Sunday, 6 December 2009

knowledge, faith and scepticism


Imagine, you sit in your car driving pretty fast up the autobahn; your cooling water temperature gauge moves closer and closer towards the red sector; you feel uneasy and after first ignoring it as casual as possible you are now tempted to stop and take a look; but then ‘what do I know’, so you consider to take the car into the next possible gas station to ask for advice, help... a solution.

This describes what an average reasonable intelligent person would go through watching that temperature gauge. But then there are those that travel with faith; they might make it! Same for the ones deciding this stupid gauge to be the problem; the practical ones wished they had two or three measuring systems, preferably independent and separated from each other. That can be helped:

To understand changes and variations in our climate it is essential to know how the surface temperature changes — from month to month, up to decade to decade. Global-average temperature records provide this vital information.

From these records we can see how warm specific months, years or decades are, and we can discern trends in our climate over longer periods of time. Global records go back about 160 years, giving a long period from which to draw conclusions about how our climate is changing.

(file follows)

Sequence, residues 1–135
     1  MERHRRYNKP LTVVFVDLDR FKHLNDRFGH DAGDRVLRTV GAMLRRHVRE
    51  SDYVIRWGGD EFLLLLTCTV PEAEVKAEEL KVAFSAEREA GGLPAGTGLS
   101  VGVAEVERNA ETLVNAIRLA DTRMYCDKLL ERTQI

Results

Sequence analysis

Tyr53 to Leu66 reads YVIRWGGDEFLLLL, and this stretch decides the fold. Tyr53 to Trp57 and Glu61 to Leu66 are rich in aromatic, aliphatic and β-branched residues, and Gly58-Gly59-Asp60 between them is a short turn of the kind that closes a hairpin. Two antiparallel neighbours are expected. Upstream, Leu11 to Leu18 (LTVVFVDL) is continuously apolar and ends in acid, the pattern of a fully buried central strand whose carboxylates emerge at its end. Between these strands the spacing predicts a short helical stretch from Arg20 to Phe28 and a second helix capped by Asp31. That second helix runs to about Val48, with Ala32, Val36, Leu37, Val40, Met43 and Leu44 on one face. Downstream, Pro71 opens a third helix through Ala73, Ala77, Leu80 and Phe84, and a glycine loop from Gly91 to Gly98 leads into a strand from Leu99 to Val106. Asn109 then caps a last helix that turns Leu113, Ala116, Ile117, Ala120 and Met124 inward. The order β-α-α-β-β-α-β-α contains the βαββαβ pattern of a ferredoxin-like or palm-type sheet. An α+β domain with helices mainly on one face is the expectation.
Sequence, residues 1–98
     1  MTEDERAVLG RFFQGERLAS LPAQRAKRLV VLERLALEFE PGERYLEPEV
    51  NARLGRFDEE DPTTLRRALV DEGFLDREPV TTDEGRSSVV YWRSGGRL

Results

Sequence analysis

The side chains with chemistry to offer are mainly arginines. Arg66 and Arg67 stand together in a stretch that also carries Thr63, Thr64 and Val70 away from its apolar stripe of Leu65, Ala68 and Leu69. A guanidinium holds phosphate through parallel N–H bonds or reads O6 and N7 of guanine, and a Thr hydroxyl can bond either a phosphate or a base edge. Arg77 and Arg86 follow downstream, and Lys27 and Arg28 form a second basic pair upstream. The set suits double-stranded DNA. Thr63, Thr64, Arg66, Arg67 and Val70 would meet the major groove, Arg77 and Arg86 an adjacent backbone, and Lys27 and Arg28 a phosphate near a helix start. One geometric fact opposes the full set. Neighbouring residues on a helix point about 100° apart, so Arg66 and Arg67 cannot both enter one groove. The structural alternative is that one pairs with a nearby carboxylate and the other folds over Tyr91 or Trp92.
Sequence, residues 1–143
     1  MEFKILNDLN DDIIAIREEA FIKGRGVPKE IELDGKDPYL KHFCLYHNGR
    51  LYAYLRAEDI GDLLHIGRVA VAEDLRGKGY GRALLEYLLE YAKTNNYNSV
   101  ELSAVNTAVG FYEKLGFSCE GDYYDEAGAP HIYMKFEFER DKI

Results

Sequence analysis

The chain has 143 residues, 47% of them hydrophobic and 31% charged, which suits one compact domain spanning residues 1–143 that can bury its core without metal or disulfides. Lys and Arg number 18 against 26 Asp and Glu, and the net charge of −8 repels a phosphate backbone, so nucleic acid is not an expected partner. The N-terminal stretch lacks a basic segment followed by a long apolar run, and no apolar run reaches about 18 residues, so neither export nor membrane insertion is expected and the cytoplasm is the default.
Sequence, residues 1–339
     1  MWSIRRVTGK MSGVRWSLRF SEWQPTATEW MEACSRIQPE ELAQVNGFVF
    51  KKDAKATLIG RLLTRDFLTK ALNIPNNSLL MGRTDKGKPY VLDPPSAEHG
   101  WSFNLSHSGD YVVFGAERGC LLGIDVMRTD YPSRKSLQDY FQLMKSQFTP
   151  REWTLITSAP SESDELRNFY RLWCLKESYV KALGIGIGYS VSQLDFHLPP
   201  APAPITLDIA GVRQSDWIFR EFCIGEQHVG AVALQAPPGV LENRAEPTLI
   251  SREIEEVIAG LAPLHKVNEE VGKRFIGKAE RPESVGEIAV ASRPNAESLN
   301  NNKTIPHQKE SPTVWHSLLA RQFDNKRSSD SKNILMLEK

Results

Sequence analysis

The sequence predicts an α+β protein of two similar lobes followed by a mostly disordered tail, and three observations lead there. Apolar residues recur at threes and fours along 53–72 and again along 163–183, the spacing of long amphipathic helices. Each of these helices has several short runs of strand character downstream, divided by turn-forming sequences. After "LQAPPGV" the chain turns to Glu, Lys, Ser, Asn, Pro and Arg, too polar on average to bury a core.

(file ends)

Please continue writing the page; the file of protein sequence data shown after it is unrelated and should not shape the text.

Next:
There are three centres which calculate global-average temperature each month.

  • Met Office, in collaboration with the Climatic Research Unit (CRU) at the University of East Anglia (UK)
  • Goddard Institute for Space Studies (GISS), which is part of NASA (USA)
  • National Climatic Data Center (NCDC), which is part of the National Oceanic and Atmospheric Administration (NOAA) (USA)

These work independently and use different methods in the way they collect and process data to calculate the global-average temperature.

So, they are lucky, those sceptics, here is what one gauge and two more indicate:

…, the results of each are similar from month to month and year to year, and there is definite agreement on temperature trends from decade to decade (Figure 1). Most importantly, they all agree global-average temperature has increased over the past century and this warming has been particularly rapid since the 1970s.

Well, no!

I don't want to discuss what makes it warmer; we have masses of highly trained and paid scientists to do that; should they take bribes, fail, err or cheat: fire them, head first! There are more waiting for a chance, a job...

The gauge still climbs; the problem remains unsolved; there is a possibility that the trip on the autobahn might end early.

Carpe diem!


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